Can officers detain you at airports or other border checkpoints? Can they scroll through your phone? What happens if you say no?
To learn the answers to these and other questions, we spoke to three experts in immigration and privacy law: Danielle Rizzo and Leslie Holman of the American Immigration Lawyers Association, and Nathan Freed Wessler, a staff attorney with the ACLU.
Yes. It doesn't matter if you're an American citizen, a green card holder or a visa holder, Customs and Border Protection (CBP) officers can stop you or take you to secondary inspection
. This might happen because officers need more information about you or your immigration status to decide whether you should be allowed into the country. It could also be a random search.
According to Holman, even if you have a visa to enter the United States, CBP agents are ultimately deciding your "admissibility" into the United States.
Do I have the same legal rights at the border that I would elsewhere?
No. The Fourth Amendment, which protects people from searches and seizures without probable cause of a crime being committed, doesn't apply in the same way at the border, Rizzo said.
According to Holman, probable cause and reasonable suspicion are not needed to search people -- Americans or foreign visitors -- at the border.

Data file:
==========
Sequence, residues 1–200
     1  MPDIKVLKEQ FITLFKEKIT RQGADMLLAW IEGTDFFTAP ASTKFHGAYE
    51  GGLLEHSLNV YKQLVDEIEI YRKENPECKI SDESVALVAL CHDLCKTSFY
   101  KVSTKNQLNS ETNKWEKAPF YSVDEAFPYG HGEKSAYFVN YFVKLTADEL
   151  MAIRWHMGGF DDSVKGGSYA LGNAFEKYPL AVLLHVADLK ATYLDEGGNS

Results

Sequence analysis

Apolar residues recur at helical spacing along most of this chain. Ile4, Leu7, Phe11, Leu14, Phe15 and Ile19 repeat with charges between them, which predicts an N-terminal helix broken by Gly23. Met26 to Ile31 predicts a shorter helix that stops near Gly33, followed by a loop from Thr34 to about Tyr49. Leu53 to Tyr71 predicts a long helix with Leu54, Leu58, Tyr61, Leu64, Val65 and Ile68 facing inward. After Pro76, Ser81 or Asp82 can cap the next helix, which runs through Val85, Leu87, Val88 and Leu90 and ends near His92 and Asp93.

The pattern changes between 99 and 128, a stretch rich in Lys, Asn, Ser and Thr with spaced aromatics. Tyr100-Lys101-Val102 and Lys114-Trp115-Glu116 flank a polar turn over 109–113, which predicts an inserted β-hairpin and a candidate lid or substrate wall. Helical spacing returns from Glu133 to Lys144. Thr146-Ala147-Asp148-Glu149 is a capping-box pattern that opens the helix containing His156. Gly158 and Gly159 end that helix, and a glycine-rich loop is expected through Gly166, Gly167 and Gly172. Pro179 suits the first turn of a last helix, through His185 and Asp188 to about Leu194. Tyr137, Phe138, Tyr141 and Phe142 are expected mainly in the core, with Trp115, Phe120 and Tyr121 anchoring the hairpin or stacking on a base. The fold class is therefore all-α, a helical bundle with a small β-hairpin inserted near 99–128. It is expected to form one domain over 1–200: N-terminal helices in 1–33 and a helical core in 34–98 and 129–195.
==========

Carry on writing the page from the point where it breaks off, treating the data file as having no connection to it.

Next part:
Am I allowed to speak with a lawyer?
If you're a US citizen:
According to the ACLU
, US citizens are allowed to request a lawyer be present for any questioning.
If you're a permanent resident or other foreign national with a visa:
If you're not American
you generally don't have the right to an attorney unless you have been charged with a criminal offense or the questions relate to something other than your immigration status, Rizzo says.
Once the questioning goes past the basics -- like where you traveled or what you're bringing into the country with you -- to things like your political beliefs or the contents of your electronic devices, Wessler believes that all travelers, including non-citizens, have the right to counsel.